Latest Java Update Broken; Two New Sandbox Bypass Flaws Found

Expect the roar from security experts urging users to abandon Java to reach ear-splitting levels after reports this morning that new sandbox bypass vulnerabilities are present in the latest Java update.

Expect the roar from security experts urging users to abandon Java to reach ear-splitting levels after reports this morning that new sandbox bypass vulnerabilities are present in the latest Java update.

“We have successfully confirmed that a complete Java security sandbox bypass can be still gained under the recent version of Java 7 Update 11,” Java security researcher Adam Gowdiak of Security Explorations in Poland wrote a short while ago on the Full Disclosure mailing list.

Gowdiak said his organization reported two new flaws to Oracle today, along with working proof-of-concept code, a single exploit that relies on two vulnerabilities. He told Threatpost he would not share any details on the vulnerabilities, but said Oracle did confirm it had received the information he sent and had begun looking into the problem.

Reports surfaced earlier this week that the Java 7u11 update was incomplete, and that a vulnerability in the Java MBeanInstantiator had not been patched as promised by Oracle when it released the update last Sunday night. Researcher Esteban Guillardoy of Immunity Inc., said that attackers could pair that vulnerability with the reflection API with recursion in order to bypass Java security checks. The reflection issue was corrected in 7u11; Guillardoy said attackers with enough working knowledge of Java could pair another vulnerability with the MBeanInstantiator bug and have a working exploit.

Gowdiak said the lack of a fix for the flaw inspired him to look for new issues.

“Leaving MBeanInstantiator issue unfixed was like an invitation to hack Java again. All that was required was to find another bug that could be combined with it,” Gowdiak said. “We have however decided not to rely on that unfixed bug and decided to find two completely new ones instead.”

Metasploit creator HD Moore told Threatpost that the privilege escalation bug in the MBeanInstantiator exposes two Java classes which in turn expose the class loader, a similar tactic used in many recent Java exploits.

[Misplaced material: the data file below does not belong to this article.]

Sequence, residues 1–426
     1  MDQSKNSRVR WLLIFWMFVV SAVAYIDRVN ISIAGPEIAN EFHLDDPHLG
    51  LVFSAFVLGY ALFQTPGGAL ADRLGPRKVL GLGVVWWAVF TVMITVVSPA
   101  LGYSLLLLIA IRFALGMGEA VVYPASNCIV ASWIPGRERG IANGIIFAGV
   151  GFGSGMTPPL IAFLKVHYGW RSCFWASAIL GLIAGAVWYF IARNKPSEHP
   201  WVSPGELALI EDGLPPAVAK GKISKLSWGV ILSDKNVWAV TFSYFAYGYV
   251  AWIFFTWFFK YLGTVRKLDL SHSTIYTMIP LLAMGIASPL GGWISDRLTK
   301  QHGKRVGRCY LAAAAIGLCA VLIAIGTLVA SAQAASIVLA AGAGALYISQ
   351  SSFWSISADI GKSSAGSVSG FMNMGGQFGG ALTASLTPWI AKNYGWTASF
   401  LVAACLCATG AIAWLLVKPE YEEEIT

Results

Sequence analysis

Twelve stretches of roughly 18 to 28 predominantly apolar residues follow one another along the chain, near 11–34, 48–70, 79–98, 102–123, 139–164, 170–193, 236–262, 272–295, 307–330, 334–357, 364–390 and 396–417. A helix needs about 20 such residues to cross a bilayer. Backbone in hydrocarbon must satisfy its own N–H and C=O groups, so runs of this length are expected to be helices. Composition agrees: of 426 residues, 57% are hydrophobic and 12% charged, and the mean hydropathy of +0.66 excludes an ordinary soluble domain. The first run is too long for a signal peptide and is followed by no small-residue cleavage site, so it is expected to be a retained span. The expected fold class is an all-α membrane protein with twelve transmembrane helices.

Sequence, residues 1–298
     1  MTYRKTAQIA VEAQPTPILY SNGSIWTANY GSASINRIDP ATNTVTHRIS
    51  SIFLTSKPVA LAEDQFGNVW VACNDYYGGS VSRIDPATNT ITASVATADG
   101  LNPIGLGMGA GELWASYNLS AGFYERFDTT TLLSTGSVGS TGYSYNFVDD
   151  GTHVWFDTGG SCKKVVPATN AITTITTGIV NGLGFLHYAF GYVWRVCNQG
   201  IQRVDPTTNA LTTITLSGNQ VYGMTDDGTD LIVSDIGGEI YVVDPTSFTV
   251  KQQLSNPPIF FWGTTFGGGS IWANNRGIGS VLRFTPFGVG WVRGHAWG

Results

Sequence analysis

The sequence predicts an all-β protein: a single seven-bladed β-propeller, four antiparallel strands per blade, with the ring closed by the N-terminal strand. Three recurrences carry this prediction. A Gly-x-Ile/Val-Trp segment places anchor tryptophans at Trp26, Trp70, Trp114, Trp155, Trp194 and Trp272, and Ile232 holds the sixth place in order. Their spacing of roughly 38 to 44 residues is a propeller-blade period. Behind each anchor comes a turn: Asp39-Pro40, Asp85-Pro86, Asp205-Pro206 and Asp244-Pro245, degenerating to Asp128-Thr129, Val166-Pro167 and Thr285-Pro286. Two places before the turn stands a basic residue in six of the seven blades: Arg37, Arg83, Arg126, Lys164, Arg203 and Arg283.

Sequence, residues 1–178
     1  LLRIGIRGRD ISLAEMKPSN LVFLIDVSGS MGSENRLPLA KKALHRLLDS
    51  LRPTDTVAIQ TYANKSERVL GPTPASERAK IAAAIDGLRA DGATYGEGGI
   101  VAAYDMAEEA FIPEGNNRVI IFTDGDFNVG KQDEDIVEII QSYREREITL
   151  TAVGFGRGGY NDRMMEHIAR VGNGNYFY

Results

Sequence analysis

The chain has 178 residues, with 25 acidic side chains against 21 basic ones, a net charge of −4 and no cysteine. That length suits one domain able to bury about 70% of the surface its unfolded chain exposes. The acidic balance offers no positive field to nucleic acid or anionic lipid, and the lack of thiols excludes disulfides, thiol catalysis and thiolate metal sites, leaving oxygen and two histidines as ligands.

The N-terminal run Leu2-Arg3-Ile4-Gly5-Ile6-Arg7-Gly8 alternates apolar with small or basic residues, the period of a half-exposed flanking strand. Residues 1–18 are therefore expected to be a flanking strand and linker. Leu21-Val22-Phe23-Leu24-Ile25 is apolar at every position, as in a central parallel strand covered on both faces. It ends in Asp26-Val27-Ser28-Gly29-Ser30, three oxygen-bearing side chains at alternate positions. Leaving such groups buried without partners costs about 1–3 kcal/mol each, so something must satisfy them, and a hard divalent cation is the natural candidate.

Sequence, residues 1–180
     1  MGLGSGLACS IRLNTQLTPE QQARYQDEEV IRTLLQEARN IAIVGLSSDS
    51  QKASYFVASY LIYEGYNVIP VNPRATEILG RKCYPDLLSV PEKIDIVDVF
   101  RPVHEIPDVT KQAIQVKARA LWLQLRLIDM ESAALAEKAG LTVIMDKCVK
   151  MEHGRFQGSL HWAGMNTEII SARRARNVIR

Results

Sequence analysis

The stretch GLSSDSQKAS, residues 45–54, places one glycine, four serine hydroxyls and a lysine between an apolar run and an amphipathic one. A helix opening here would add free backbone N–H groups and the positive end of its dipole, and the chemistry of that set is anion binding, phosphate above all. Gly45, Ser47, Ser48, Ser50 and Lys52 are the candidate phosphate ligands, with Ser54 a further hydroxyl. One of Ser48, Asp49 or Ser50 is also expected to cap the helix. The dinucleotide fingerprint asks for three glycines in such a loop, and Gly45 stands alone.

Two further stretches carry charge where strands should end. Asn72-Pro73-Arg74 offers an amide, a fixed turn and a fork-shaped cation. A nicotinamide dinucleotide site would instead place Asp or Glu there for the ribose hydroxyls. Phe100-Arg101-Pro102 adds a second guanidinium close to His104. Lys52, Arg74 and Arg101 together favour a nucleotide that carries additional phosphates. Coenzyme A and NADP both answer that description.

“A lot of the recent Java exploits use a technique similar to this one where they find a class that’s already loaded in memory that accesses an object outside the sandbox, and then they use that object to load arbitrary code,” Moore said. “It’s about as bad as you can get in terms of a reliable Java exploit that affects the latest version of Java 1.7.”

This whole mess started Jan. 9 when reports surfaced from researchers that new Java exploits were present in all the major exploit kits, including Blackhole, Cool and Redkit.

Oracle responded on Monday with an out-of-band update that it said included patches for the two vulnerabilities as well as a change to the default security configuration in Java. Oracle changed it from medium to high, meaning that unsigned Java applets, or self-signed applets, would prompt the user before executing. Experts said this was a good first step, but would not deter social engineering attacks that could trick a user into allowing an applet to execute, or an attacker from using a stolen, valid certificate to run a malicious applet automatically.

Since then, calls to disable or abandon Java have gotten louder. Experts argue that few websites require the Java browser plug-in at the core of so many security issues, and that users would hardly lose any functionality online without running Java.

With attacks being folded into exploit kits at an alarming rate, Java security is becoming top of mind for security professionals because of Java’s ubiquity on all computing platforms, and that reliable exploits are economical for attackers who won’t have to recode them for each respective platform.

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  • Anonymous on